One way of doing this is the web – Meet Up, and local clubs and Facebook groups are a great place to start. Engaging in an¬†ongoing conversation with others like you¬†about your journeys, encouraging one another is a great source or virtual community. Some¬†members may be inspiring to you, and you never know, you may yourself inspire others. ¬†You may meet up at an event and do it together – there are hundreds of people just like you who have done¬†just that, and for as scary as that may initially seem – you’ll meet some bloody brilliant people.

Together we’re stronger.

Make it social

Working out alone can be a good time to clear your mind, focus on yourself and take time out from your day. For years, I ran solo, I went to the gym on my own, and I only climbed in a group because you kind of need someone to belay you – until I discovered bouldering could become a solitary activity also. I enjoy being alone, and know that not everyone likes being alone as much as I do.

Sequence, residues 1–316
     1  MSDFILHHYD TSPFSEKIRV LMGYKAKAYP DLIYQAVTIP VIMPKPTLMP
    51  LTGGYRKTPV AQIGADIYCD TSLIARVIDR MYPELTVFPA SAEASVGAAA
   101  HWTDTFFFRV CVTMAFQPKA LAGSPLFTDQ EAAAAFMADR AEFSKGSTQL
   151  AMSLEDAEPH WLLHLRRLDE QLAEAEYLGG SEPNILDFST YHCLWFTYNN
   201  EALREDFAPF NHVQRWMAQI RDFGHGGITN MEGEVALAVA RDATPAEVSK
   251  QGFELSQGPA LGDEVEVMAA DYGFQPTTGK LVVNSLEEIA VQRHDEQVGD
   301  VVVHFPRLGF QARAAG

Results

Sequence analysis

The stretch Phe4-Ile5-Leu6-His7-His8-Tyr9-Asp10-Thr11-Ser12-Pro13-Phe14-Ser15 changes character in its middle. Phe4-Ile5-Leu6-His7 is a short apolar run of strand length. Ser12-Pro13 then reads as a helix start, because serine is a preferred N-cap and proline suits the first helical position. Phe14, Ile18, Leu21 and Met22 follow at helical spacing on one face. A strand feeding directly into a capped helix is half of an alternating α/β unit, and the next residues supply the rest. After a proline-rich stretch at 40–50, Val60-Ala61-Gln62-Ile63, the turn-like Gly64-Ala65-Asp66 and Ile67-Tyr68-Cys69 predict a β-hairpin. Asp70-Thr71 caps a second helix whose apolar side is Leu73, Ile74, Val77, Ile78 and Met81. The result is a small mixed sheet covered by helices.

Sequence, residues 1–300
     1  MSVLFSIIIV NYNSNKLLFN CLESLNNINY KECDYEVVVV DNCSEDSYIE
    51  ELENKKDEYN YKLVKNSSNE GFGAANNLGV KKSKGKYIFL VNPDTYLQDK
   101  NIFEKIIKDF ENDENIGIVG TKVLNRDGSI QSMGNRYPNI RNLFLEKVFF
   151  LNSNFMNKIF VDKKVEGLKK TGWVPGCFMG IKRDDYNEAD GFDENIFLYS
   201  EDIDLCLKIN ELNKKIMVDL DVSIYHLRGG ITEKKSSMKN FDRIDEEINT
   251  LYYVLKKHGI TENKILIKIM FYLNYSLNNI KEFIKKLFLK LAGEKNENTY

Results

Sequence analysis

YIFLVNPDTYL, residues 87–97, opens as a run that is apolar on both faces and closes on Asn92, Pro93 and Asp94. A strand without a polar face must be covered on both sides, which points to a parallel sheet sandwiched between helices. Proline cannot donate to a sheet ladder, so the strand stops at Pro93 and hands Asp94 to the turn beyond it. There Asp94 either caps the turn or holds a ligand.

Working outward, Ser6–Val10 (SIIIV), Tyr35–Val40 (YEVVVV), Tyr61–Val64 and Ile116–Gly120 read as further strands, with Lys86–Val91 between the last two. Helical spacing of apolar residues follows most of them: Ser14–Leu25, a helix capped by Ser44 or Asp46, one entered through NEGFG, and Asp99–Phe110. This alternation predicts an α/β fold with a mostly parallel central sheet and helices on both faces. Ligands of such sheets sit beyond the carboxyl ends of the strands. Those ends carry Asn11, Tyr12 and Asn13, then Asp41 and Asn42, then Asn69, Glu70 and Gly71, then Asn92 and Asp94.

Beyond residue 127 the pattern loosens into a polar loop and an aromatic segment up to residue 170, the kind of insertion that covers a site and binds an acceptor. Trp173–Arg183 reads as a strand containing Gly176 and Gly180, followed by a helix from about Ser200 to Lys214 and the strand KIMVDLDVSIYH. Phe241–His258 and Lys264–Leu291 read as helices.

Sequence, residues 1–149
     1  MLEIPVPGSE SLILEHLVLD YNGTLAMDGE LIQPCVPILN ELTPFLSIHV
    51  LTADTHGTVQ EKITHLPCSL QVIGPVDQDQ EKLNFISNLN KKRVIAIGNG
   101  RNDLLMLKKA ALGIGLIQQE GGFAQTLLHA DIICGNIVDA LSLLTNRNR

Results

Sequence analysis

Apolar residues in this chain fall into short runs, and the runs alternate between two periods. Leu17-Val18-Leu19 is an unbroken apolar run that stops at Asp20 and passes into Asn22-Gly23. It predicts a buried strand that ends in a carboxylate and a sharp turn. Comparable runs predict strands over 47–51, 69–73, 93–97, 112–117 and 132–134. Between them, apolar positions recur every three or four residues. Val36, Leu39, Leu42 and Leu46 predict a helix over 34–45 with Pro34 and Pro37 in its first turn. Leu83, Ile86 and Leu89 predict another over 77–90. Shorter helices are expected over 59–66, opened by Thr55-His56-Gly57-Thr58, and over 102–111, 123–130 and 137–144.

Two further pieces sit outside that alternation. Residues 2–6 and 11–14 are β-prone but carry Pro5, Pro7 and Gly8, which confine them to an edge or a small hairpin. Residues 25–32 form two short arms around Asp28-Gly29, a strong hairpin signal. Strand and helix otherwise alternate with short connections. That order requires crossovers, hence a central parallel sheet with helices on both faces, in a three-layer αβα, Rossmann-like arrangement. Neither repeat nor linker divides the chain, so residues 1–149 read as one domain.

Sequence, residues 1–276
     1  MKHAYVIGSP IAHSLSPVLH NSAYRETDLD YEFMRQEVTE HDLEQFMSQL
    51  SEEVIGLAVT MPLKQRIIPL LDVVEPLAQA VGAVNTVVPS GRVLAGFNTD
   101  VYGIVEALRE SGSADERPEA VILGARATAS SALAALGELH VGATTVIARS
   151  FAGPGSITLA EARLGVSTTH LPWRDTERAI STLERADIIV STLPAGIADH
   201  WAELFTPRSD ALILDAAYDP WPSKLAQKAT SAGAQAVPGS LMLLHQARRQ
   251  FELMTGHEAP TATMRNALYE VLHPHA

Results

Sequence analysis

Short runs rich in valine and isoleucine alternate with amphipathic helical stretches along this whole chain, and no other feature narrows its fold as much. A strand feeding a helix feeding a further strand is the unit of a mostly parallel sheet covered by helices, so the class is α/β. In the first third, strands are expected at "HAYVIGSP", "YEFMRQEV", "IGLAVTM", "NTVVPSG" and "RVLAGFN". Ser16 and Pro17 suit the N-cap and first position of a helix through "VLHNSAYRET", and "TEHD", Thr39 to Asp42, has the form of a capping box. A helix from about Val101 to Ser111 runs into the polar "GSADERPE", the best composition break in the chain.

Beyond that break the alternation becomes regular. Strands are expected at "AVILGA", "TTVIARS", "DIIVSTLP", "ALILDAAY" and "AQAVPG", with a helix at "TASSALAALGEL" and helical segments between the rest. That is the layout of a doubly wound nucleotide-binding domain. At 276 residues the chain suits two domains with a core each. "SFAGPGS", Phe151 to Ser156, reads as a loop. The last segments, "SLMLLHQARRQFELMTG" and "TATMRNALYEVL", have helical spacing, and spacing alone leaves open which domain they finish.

For years I totally underestimated the value of working out with others, undervaluing the greater benefit of running with friends, and enjoying the company of other people in a positive space. Since this bomb has dropped, I regularly go to running crew each week.

It has become a place to forge friendships who share my passions. It has become a place to shake out the cobwebs of stagnation from a low mood in the company of others, a place to celebrate achievements of one another and a safe place of acceptance.

The benefit of human contact on a regular basis is something I never valued, until now. And as an awkward introvert who is usually immersed in swathes of social awkwardness I have found the fitness people, and the running crew to be a very non-judgmental and friendly bunch. It may not feel right with the first group you run, yogi or climb with, but keep trying – eventually a you’ll find yourself a you-shaped space to be the missing piece to a jigsaw of a crew you never even knew about before.